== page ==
So, it’s not surprising the have my own mother in law say words like “you know E, she’s just overly emotional because she’s a girl.” or “she falls down a lot like me, plus she’s a girl, so she’s got two things working against her.”  She says these things with honesty. She believes them.  She says them often because my father in law finds my daughter’s emotions to be… annoying?  Icky?  Uncomfortable?  I’m not sure.  Usually it seems to make him a bit ragey.  Probably because he is incredibly repressed emotionally, and easy to anger.  So my mother in law thinks she’d defending E, and calming the father-in-law beast, by spouting off excuses for E’s emotions, justifying it by her also having a vagina, therefore making her an expert on all things woman.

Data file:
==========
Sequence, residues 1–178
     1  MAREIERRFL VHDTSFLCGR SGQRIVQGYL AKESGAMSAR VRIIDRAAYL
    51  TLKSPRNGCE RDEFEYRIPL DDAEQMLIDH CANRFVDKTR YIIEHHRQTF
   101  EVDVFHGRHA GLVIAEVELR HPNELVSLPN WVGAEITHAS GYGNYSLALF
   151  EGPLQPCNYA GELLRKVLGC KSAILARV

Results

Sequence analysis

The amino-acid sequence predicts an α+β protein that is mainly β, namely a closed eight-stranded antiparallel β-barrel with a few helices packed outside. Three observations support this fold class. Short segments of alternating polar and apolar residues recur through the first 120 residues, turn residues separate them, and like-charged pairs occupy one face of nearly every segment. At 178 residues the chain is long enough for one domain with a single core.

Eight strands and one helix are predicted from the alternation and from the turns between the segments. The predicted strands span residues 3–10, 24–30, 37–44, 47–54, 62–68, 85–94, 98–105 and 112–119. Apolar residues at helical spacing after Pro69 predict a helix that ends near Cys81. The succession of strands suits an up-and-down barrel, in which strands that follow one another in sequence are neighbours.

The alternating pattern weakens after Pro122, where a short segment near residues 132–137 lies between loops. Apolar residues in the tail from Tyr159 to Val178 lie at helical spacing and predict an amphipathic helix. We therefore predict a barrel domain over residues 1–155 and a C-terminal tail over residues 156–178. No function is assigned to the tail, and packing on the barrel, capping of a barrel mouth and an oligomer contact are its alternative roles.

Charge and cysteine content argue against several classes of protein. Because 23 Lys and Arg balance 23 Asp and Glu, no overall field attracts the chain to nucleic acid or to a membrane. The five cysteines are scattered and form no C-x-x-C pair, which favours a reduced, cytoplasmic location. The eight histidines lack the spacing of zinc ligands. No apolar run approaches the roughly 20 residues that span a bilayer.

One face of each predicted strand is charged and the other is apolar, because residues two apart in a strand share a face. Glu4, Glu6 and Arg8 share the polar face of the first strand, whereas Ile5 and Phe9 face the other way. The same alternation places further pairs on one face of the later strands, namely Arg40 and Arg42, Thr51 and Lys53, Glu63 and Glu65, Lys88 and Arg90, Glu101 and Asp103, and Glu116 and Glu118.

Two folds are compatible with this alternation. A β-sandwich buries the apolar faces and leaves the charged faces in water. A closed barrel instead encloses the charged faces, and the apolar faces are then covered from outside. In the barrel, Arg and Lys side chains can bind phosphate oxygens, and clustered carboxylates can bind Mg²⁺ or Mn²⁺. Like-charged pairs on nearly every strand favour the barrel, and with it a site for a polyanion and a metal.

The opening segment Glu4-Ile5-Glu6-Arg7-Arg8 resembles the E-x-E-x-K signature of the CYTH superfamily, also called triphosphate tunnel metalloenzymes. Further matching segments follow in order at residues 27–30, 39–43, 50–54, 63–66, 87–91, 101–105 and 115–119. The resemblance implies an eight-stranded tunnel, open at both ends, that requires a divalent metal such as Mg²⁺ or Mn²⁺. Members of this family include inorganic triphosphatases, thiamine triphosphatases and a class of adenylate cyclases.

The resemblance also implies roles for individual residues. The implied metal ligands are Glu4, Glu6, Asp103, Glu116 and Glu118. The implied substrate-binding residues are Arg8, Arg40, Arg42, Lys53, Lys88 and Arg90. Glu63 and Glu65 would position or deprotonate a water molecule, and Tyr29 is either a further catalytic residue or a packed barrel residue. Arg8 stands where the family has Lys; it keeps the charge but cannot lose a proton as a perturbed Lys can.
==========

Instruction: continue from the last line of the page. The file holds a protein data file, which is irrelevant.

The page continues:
I find it infuriating.  My daughter is four.  If she falls, if she is uncomfortable, if she’s sad, if she’s tired, if she’s confused or frustrated, she cries. Why isn’t that okay?  Why is it something that has to have an excuse?  My son cries ALL THE TIME, but that’s never because he’s a boy, no one even mentions it.  (Although my father in law will say “oh, cut that out, you’re a boy,” which also makes me want to throat punch).